• Reduced station booth and station customer assistant staffing; elimination of enhanced station area track cleaning program.

Buses:

  • Reduce or eliminate low ridership services, especially during weekends or late night, and services that largely duplicate subway service. (Specifics have appeared in the News and Post.)

Commuter rail lines would be affected as well, with reductions in staffing, cleaning and maintenance.

Today’s announcement is posted on the MTA web site, where the full budget is "soon" to appear. A final decision on the proposed budget will be made on December 17, after the much-anticipated Ravitch Commission report, and the state executive budget, are released.

City Room has more from this morning’s MTA board meeting.

File photo: Brad Aaron

  • So, while our transit system falls apart, and the four million or so people who use it pay more and get less, and the planet gets warmer, the East River bridges will remain free to encourage driving with no HOV restrictions and congestion pricing will remain in moth balls?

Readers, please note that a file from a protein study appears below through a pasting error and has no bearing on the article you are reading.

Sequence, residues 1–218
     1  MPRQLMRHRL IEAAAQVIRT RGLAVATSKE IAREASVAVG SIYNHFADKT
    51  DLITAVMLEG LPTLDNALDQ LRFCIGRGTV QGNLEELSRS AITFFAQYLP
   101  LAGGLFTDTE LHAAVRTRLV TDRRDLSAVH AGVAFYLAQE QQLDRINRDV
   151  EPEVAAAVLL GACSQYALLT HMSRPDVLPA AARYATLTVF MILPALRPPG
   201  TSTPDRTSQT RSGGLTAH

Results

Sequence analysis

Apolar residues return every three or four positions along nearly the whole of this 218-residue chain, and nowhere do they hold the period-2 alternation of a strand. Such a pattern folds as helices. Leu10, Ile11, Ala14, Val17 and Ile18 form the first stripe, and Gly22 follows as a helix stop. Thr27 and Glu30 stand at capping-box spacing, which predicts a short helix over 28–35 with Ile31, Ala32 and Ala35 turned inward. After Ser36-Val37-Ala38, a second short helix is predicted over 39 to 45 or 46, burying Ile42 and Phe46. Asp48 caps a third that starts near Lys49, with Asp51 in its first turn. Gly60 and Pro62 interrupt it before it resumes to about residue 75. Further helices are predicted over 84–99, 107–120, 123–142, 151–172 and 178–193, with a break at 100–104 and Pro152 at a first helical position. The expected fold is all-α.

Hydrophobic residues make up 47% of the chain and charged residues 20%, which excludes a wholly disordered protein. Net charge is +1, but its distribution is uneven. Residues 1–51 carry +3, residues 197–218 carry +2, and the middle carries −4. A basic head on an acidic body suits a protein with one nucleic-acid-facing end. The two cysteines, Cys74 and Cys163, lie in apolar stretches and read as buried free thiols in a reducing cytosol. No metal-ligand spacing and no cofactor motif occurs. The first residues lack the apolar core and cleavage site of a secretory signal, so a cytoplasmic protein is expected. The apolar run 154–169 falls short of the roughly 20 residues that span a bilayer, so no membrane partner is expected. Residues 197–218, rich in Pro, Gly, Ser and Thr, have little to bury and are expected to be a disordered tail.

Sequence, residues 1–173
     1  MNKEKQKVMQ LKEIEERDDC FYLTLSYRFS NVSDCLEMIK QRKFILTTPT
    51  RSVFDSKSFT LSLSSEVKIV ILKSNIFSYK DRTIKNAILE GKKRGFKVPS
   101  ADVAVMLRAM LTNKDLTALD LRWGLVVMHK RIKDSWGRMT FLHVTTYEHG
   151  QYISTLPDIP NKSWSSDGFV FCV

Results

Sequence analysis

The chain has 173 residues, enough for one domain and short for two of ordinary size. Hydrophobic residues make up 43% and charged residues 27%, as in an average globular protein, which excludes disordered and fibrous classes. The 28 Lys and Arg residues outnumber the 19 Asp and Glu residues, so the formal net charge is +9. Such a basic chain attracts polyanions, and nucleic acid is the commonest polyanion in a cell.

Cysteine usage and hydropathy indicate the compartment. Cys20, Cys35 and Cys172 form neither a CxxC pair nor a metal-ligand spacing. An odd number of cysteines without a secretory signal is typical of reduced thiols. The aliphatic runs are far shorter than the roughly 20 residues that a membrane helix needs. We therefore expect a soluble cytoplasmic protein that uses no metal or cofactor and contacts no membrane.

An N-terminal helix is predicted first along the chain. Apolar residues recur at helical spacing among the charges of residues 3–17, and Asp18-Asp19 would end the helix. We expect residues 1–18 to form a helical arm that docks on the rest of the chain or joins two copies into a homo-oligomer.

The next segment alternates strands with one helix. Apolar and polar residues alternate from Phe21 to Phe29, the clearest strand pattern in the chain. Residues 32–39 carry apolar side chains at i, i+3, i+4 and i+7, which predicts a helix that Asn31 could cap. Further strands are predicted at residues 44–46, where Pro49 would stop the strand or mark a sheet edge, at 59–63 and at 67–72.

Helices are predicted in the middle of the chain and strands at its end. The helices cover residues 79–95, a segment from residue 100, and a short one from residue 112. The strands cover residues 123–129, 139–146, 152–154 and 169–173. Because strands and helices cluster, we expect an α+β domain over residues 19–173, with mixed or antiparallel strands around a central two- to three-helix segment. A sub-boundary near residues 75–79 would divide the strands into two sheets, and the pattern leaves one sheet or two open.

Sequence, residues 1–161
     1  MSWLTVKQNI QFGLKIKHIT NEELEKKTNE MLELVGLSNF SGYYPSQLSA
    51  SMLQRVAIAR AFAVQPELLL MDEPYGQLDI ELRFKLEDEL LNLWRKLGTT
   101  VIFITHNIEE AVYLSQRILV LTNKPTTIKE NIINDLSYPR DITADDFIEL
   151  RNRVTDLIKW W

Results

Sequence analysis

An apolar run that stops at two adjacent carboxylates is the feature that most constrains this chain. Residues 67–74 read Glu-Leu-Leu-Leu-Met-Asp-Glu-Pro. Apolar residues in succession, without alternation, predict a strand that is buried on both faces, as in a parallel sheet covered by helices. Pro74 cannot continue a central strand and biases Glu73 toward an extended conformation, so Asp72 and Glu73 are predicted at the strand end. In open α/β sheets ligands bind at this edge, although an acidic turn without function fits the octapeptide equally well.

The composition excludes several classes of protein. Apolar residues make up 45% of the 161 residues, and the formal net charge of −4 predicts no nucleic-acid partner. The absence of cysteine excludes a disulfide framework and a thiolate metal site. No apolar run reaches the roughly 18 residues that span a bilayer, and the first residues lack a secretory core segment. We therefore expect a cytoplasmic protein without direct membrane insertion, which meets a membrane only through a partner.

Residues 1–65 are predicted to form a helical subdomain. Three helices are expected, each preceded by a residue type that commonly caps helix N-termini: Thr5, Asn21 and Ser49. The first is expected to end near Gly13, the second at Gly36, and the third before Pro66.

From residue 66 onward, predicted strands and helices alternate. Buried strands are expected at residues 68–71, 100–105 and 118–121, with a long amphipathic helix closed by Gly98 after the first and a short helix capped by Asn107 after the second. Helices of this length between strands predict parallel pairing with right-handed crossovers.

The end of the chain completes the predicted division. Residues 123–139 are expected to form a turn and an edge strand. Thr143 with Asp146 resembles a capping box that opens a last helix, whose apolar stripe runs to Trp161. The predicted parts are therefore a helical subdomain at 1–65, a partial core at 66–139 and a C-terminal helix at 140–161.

Brilliant.

  • OK, I’m waiting for the populist grandstanding from our electeds about how a fare hike is an unfair tax on working class New Yorkers. Come on, Congressman Weiner, we’re ready to hear it.

    Speaking as a regular transit rider, if fare hikes are needed, so be it. You want things, you have to pay for them. But the idea that I should be paying more while drivers from Marine Park and Gerritsen Beach and Sheepshead Bay continue to be able to drive to work for free over the East River bridges is what pisses me off.

  • I think the proposed changes to the N would mean that Lower Manhattan N/R stations (below Canal) would have no service at all overnight.

  • These are just my preliminary thoughts on this, but here are the bare bones of what our policy demands:

    NO SERVICE CUTBACKS
    – Cutting service would be disastrous for a number of reasons. First, people need to be able to rely on consistent and convenient transit service in order to forgo car ownership and use. Cutting back on service increases uncertainty and keeps people reliant on personal autos. In the short term, we can expect increased auto traffic, decreased quality of life in an immediately immiserating fashion for thousands of commuters, and greater public contempt for the MTA. Long term, we would be undermining our goal of sustainable transportation.

    EFFICIENCY
    – The MTA does need to look inward for some belt tightening and eliminate inefficiencies. The TWA also needs to look inward and recognize that some cuts will need to be made where jobs have become redundant, obsolete or otherwise unproductive. But the rights of workers in useful and productive positions must be protected.
    – Modernization of signalling and computerized fleet management to improve system efficiency.

    CAPITAL FUNDING